“A due Organi” – Works of VIVALDI, GABRIELI, GUSSAGO, GROSSI DA VIADANA, PASQUINI, HANDEL, TERRENI, ROSSINI & RUTTER – Rodolfo Bellatti & Nicola Cittadin – Gallo Organ Duets – Works of MOZART, LANGLAIS, CARLETON, MENDELSSOHN, TOMKINS, LEIGHTON & JOHNSTONE – Charles Harrison & David Leigh – Guild

by | Mar 7, 2012 | Classical CD Reviews

“A due Organi” – Works of VIVALDI, GABRIELI, GUSSAGO, GROSSI DA VIADANA, PASQUINI, HANDEL, TERRENI, ROSSINI & RUTTER [TrackList follows] – Rodolfo Bellatti & Nicola Cittadin – Gallo CD-1356, 72:55 [Distr. by Albany] ****:
Organ Duets – Works of MOZART, LANGLAIS, CARLETON, MENDELSSOHN, TOMKINS, LEIGHTON & JOHNSTONE [TrackList follows] – Charles Harrison & David Leigh – Guild GMCD 7368 [Distr. by Albany] ****: 
In the cathedral of Asti in northwestern Italy close to France are two superbly-restored pipe organs which were built at different times with different musical intentions. One is from the Neapolitan school of the 18th century, with a brilliant sound a “Great” with a “concert register.”  The other organ is of a 19th century Lombard style, much bigger and with more “Great” registers and an echo organ designed to compete with orchestral music of Verdi and Rossini.
The selections were made to show the diversity of works the two organs can perform. Pieces originally for two separate performers are mixed with transcriptions of Bach/Vivaldi concerti, symphonies of Rossini and Handel works. The contemporary work which closes the program by John Rutter is interesting in that it was written for either a single organ four hands or two organs. It demonstrates the range of sounds the two organs can produce on works not originally intended for antique organs.
The smaller Grisanti organ is on the left side of the altar, while the later and larger Serassi organ is on the right side, and this is followed in the location of the two channels. The program opens with the three-movement by Bach after Vivaldi – the latter’s Op. 3. The major work on the disc is the Organ Concerto No. 16 in F by Handel, and a Sinfonia on Rossini’s An Italian in Algiers are heard before the final Variations on an Easter Theme by John Rutter.
Duets on the pipe organ developed in Britain earlier than in the rest of Europe. Some experts argued that the development of in dependent pedal divisions in several European countries disinclined composers to create duets. The very earliest fully-developed duets are in the midst of this program: short works of Thomas Tomkins and Nicholas Carleton which make use of imitative and antiphonal effects possible by two players at one instrument. The organ used for these two tracks is in the Retro Choir of Lincoln Cathedral. The opening selection is Mozart’s Fantasia K608, arranged by the two performers as an organ duet on the organ of Lincoln Cathedral. Next are two Fugues by Mendelssohn, then three works by Jean Langlais – one of the most important organist/composers in 20th century France. He had an interest in both piano and organ duets during the ‘70s. The first one of the three calls gamelan music in a hypnotic ostinato in parallel fifths. The middle duet is heavily influenced by Messiaen, and the third is of a cheerful nature, built on a varied rondo form.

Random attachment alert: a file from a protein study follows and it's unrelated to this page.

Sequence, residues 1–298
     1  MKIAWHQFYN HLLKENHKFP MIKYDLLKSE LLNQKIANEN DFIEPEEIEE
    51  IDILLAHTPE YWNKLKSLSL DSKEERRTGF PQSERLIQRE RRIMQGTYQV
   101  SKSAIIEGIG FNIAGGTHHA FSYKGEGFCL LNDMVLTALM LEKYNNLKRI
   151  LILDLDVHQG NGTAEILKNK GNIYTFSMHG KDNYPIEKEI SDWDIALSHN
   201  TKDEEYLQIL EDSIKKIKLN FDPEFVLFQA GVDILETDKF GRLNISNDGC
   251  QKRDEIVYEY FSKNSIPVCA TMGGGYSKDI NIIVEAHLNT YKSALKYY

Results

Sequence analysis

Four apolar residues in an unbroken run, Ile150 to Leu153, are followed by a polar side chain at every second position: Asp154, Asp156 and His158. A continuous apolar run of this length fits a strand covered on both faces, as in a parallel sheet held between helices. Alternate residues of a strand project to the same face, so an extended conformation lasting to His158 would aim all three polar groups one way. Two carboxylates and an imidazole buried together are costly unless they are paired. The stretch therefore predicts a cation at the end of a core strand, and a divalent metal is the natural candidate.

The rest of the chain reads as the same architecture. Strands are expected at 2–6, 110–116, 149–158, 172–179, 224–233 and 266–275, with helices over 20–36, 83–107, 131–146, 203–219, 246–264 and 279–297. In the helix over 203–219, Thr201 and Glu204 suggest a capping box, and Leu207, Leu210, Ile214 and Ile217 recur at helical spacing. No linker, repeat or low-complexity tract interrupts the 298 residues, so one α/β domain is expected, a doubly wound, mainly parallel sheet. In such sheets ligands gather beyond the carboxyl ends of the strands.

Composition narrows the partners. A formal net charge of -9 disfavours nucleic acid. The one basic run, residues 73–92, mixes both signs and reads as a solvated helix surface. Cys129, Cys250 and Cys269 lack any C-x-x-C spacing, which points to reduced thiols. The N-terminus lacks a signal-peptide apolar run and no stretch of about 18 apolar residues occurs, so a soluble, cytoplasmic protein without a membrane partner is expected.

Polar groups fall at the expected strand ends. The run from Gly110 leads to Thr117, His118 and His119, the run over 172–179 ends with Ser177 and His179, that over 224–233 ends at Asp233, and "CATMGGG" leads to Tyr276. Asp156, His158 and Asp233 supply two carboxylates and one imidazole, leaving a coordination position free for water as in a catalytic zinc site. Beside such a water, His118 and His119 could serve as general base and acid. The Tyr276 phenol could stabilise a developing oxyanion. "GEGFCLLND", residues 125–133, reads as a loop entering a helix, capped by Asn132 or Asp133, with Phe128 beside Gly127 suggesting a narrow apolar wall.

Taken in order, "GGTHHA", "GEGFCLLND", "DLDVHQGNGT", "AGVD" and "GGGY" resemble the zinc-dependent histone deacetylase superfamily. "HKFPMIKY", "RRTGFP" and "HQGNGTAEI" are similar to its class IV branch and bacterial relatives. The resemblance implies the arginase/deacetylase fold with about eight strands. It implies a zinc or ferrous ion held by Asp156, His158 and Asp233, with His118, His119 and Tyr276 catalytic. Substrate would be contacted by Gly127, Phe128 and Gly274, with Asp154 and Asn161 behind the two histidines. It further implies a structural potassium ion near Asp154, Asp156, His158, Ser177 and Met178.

The two Andrew Johnstone selections are not at all what one would expect to appear on an organ recital disc. The Irish organist—whose speciality has been the issue of pitch in Tudor music—wrote the work for a duo-recital with another organist. Shack-up and Feud: An Argument for Organ Duet aims to “disperse the notes in such a way that they would be unmistakably the sound of two organists at one console.” The composer says the two performers have to agree to disagree. The work’s title came from a friend who was about to move in with a girlfriend and said he was bracing himself for their first domestic row. Kenneth Leighton based the closing selection, Martyrs—the longest on the program—on the greatest of the Scottish Psalm tunes. He had used it in a larger work and felt more could be done with it. The organ of Lincoln Cathedral, used on most of the tracks, was dedicated in 1898 as a “Father” Henry Willis organ. It is one of the finest British cathedral organs, with all registration details listed in the note booklet. (The cathedral also has three other instruments: the Retro organ used on the two early works, a single-manual chamber organ for continuo work, and another single-manual instrument. All four organs are in regular use.)
A due Organi = Antonio Vivaldi:  Concerto for 4 violins, cello, strings & continuo in B minor (“L’estro armonico” No. 10) Op. 3/10, RV 580;  Giovanni Gabrieli:  Canzon No. 28 (“Sol sol la sol fa mi”) for 8 parts; Cesario Gussago:  La Leona, Canzona 19 a 8; Lodovico Viadana: La Fiorentina; Bernardo Pasquini:  Sonata a due bassi (Grave – Allegro); George Frederick Handel:  Organ Concerto in F major, HWV 305 Bonaventura Terreni;  Sonata for 2 organs in D major; Gioachino Rossini:  Overture to L’italiana in Algeri (The Italian Girl in Algiers); John Rutter: Variations for organ on an Easter Theme (“O Filii et Filiae”)
Organ Duets = MOZART: Fantasia K608 (arr. Harrison and Leigh)
Felix MENDELSSOHN-BARTHOLDY: Fugue in D major; Fugue in C minor
Jean LANGLAIS: Double Fantasie pour deux organistes; Deuxième Fantasie pour deux organistes; Troisième Fantasie pour deux organistes
Thomas TOMKINS: A Fancy for two to play
Nicolas CARLETON: A Verse (In Nomine)
Andrew JOHNSTONE: Shack-up and Feud (2 versions)
Kenneth LEIGHTON: Martyrs Op.73
—John Sunier